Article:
As I mentioned in my last post, I can’t get enough of stripes and am a firm believer that you can never have to many breton tops. Following this ethos, I decided to make my own dress using some black and white jersey fabric and Christine Hayne’s Lottie pattern.
Why have I never sewn with jersey before?! The last fabric I sewed with was a crepe-y viscose which frayed into a million pieces if you so much as thought about touching it, but this couldn’t have been more different or easy. The fabric has just a little stretch, but I wasn’t aware of that at all as I put the garment together, and not having to edge the seams made meant I was able to power through this dress in just two evenings – a new record for me! The only slight downside was that it took a little more effort to press than other fabrics I’ve used, but that’s a small price to pay for not using the zig-zag stitch once.
After much searching among Vogue, Burda and Simplicity patterns for a simple, no-frills dress, I came across Christine Hayne’s range of patterns at Kirstie’s Homemade Fair earlier this year. All the patterns were exactly what I’ve been looking for since I started dressmaking – simple modern shapes that I can actually see myself wearing. I opted for the Lottie pattern, which contains instructions for three garments: a shift dress, a basic shell top and a tie-waisted maxi. For this dress, I opted for the shift-style.
The instructions were so easy to follow, although I did somehow manage to skip a few steps when sewing the sleeves in, resulting in a lot of unpicking. The instruction booklet also shows you all the possible variations (sleeves, length, pockets), which will be really useful for future makes.
This is the first ‘modern’ sewing pattern I’ve used, and I have to say I don’t think I’ll go back to the old style any time soon. I’ve often thought that dressmaking seems like an exclusive club, with its technical jargon and hard-to-follow instructions, but this pattern was totally accessible and made me feel like I knew what I was doing all the way through. Whether it was the easy instructions or just the simplicity of the garment I was making, this dress was a breeze and a joy to make and has convinced me that this new style of pattern is totally worth the slightly higher cost.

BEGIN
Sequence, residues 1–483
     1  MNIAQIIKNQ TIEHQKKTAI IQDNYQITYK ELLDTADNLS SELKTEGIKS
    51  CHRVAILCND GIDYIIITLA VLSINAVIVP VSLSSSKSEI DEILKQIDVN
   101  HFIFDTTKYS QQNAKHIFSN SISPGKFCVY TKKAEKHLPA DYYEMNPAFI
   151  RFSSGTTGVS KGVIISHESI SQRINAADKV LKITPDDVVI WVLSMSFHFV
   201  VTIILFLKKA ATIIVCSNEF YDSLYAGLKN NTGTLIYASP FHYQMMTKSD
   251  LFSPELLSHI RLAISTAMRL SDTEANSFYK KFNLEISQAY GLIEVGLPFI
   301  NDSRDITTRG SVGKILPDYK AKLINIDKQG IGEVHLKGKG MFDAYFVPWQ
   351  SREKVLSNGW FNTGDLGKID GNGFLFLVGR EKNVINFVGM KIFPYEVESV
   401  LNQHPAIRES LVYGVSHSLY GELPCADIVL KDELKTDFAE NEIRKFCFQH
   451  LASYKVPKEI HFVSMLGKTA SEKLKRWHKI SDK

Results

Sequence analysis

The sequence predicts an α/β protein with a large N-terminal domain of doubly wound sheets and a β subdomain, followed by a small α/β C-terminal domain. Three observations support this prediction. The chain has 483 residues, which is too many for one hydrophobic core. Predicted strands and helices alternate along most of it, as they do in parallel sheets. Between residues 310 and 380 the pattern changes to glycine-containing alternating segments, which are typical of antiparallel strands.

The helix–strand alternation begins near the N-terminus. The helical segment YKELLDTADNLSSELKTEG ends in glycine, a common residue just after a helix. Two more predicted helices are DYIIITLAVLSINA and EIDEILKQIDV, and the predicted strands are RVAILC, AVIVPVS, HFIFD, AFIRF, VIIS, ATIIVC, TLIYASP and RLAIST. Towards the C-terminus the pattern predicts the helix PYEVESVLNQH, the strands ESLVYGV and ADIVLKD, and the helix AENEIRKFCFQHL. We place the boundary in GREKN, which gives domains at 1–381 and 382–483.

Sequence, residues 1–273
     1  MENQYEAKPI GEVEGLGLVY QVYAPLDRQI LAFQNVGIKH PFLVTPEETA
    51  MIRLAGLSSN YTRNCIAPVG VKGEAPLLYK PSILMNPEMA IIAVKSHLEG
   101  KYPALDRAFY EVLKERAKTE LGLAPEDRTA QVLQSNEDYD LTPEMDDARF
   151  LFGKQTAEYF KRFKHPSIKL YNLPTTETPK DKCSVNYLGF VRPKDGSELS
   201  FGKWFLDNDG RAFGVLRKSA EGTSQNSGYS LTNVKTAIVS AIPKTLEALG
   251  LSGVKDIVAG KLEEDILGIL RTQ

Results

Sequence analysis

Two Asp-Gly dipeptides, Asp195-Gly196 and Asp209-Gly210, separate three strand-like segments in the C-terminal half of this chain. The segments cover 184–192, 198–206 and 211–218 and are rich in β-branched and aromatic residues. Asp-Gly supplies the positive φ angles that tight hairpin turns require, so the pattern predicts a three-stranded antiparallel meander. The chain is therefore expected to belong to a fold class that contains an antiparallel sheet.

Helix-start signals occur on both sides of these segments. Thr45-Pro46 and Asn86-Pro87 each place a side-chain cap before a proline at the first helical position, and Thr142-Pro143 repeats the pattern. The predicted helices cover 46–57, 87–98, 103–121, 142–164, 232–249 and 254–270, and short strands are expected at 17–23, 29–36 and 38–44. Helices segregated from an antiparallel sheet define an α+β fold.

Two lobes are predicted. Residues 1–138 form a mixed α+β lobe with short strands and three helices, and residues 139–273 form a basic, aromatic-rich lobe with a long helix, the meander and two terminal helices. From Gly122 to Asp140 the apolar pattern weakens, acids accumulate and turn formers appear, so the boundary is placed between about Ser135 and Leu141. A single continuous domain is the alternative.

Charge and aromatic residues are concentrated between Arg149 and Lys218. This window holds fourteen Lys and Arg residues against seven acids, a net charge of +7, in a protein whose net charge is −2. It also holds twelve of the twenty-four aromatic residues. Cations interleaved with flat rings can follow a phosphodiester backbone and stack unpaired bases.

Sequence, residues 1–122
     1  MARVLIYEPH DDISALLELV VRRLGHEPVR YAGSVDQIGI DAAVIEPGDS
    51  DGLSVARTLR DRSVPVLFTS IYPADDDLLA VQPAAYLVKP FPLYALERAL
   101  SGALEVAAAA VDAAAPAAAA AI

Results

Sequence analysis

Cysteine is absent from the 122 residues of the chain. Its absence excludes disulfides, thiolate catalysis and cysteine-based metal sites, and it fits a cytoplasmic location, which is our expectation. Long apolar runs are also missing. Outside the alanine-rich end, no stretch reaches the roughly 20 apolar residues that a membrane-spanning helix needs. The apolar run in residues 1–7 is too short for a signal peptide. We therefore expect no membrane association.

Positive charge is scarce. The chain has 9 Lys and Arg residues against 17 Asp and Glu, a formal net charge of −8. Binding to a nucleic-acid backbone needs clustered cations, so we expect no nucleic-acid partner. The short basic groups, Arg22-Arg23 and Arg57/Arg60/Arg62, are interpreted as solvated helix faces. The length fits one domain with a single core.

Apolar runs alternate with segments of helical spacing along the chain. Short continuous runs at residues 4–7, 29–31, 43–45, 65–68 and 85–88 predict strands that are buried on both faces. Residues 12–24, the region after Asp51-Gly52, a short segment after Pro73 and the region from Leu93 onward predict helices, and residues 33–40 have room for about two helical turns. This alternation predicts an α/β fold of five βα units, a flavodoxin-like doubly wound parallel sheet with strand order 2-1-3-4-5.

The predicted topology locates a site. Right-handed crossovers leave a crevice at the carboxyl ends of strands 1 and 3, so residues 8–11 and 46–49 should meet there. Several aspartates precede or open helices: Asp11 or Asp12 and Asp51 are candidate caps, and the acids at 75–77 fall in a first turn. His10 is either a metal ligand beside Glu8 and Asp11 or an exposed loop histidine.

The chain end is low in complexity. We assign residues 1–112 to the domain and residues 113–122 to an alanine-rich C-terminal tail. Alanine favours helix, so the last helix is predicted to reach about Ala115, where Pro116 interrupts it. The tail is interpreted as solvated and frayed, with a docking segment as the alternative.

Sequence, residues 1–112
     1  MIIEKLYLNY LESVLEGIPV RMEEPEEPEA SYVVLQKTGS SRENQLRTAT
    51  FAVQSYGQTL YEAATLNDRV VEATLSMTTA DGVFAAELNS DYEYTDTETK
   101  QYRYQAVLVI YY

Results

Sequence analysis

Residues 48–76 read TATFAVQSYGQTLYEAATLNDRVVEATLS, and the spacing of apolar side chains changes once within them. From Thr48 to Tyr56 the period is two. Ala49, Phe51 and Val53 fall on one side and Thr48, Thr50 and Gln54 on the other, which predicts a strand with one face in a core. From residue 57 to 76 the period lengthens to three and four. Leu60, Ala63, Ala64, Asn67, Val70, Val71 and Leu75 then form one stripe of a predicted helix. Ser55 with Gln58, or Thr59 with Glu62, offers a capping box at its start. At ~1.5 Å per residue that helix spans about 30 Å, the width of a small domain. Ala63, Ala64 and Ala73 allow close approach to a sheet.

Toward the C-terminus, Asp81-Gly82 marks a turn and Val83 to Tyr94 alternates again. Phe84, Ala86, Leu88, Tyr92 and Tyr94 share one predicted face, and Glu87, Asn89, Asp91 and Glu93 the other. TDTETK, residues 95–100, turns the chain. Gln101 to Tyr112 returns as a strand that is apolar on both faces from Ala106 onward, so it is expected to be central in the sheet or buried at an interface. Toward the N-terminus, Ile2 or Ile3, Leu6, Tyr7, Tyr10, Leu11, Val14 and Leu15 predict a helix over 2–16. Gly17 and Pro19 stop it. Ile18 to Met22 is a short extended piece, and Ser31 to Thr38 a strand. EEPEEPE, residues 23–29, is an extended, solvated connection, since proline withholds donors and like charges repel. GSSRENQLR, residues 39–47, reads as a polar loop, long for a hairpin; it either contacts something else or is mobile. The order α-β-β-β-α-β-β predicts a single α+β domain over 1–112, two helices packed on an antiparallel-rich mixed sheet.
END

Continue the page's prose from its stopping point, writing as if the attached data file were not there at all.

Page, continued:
With a grand total of 5 sewing hours (including measuring and cutting the pieces), the process couldn’t have been much simpler. Inserting the sleeves was a breeze as you join the front and back pieces separately, and then sew the shoulder seam. I did struggle with the neckline, as I was slightly confused by the instructions for inserting the binding. I’ve ended up with a small stand-up neckline, but a second reading of the instructions made it clear that this should have been folded to the inside of the neckline and sewn in place. As the neckline is quite wide (and as I’m a fan of a high-neck), I’ve decided to keep it in its half-finished state.
I also deviated from the pattern by not adding pockets. I think they would make this dress look a bit more casual, so for this version (I’m already planning Lottie 2.0) I’m going to leave them out.
The finished item
I’m wearing this dress as I type, so I think that shows how pleased I am with how it’s turned out ! (I’ve also had quite a few compliments, which is a bonus!) I possibly could have made it one size smaller, but I actually quite like the oversized feel. I do also find the neckline quite wide, so next time I’ll try to alter this. I’ll definitely be making the dress again – I’m thinking plain coloured jerseys (there’s no turning back now) with contrast sleeves. And quite probably a few variations for my housemate, who has already been eyeing this dress up!